So it was this grief, this ever present mourning....that gave my Lithuanian grandmother a chance to influence me.....because the Other Women were weakened by their constant presence in the past....where Eugene lived.
When I look back at my maternal line....especially my mother who still lives in Chicago....I often feel a sadness for their social naiativity. They poured so much effort and had so many dreams and hopes for securing a place in the upper crust through me...(trust me...I had a hundred dresses, little matching shoes and hats)..... but they never really knew the true requirements for the social status they wanted for our family.
When I left for college and left the old neighborhood....I could see what they couldn't......... we didn't have an address with a "Cove" or "Shore" in it ...I went to a university out on the prairie instead of an Ivy or Almost Ivy school.....and our family had names like Zigmund and Rudie and Irenka.
The Other Women didn't understand the nuances of old money....or the educated elite ....and so they were aiming a canon with me in it.....without realizing.....that only people shot from specific canons with specific proportions reached the promised land of society.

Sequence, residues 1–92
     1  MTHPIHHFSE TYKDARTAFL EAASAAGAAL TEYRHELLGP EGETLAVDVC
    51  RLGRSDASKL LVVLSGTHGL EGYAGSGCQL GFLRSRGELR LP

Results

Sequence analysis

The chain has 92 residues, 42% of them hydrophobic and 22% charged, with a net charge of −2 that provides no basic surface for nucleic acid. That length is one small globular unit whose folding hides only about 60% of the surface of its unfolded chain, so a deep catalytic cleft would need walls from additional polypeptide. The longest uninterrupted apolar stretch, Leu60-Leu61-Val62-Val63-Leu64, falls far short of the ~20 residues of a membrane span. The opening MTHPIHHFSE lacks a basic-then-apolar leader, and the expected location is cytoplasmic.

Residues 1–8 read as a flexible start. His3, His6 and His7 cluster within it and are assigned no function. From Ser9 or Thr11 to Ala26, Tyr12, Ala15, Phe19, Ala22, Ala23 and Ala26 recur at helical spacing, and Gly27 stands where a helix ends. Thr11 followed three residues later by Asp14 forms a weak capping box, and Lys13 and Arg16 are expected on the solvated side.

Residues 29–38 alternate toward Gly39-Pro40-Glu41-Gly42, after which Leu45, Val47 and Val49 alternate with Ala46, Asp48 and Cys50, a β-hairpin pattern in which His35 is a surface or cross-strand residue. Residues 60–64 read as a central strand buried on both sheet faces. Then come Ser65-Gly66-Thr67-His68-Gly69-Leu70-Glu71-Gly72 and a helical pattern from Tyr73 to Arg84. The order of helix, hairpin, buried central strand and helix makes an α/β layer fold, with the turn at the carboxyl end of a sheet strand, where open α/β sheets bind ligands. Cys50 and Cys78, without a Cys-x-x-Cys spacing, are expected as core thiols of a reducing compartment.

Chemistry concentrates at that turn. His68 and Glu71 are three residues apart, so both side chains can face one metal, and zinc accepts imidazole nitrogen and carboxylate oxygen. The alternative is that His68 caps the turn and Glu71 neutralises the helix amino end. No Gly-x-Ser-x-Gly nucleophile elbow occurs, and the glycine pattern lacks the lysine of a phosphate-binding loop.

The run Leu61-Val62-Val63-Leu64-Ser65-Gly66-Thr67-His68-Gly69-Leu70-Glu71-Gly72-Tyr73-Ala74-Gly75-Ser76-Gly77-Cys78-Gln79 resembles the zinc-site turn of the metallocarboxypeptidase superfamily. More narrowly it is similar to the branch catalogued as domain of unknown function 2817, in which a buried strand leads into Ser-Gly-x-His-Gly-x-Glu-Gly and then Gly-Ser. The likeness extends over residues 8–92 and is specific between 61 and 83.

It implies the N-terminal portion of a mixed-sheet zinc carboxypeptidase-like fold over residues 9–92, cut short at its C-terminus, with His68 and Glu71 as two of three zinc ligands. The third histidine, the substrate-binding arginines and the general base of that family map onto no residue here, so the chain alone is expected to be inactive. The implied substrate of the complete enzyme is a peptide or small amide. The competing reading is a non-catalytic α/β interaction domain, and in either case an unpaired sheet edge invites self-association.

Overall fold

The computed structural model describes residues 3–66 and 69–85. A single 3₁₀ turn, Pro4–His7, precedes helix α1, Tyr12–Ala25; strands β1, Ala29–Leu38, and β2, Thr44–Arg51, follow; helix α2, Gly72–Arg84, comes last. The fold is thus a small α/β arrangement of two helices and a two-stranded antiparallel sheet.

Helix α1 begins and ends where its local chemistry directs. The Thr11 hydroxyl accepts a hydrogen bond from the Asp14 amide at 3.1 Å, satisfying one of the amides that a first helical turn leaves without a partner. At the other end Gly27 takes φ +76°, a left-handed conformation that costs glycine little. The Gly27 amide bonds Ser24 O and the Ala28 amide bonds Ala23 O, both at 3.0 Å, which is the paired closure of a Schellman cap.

In the end..... my Other Women thought I had done "well enough".....they never understood....why I had so little ambition for the things they wanted so mother's greatest insult....was "You're turning out just like her"...a reference to my Lithuanian Grandma who preferred prowling i the woods than prowling the aisles of Neiman Marcus.
Living in the south has reacquainted me with status and society.... the right addresses... the right side of town.....the right connections...even the right color blonde....
but it is of no consequence...
I'm a hybrid....someone who is educated and worldly enough to see one side....yet my tongue can forget to say the th in words ....and I actually eat and then....
I used to be angry at Eugene.
Hated him actually....a dead guy who saddles me with his masculine name....a guy who stops me from having a good time in my own house.....a guy we must visit every week at the cemetery....
. the end....the weirdness of living with a dead relative....sort of skews your perspective....
for better or worse there's lots of stuff in life I view as societal hokey pokey....for better or worse....I have a timer on my shoulder that says....hey life and time can run out....and when you feel this way.....each friend or love that leaves....each thing you fuck up hurts a bit more....because the clock in your soul is going tick tock.
One group of women put a clock in my belly and one woman...put flames in my cheeks....not the easiest combo....but certainly an interesting one.

Sunday, September 21, 2008

The Mischief of Spiders in the South in Early Fall...

The last few mornings....I've looked out my front door and smiled.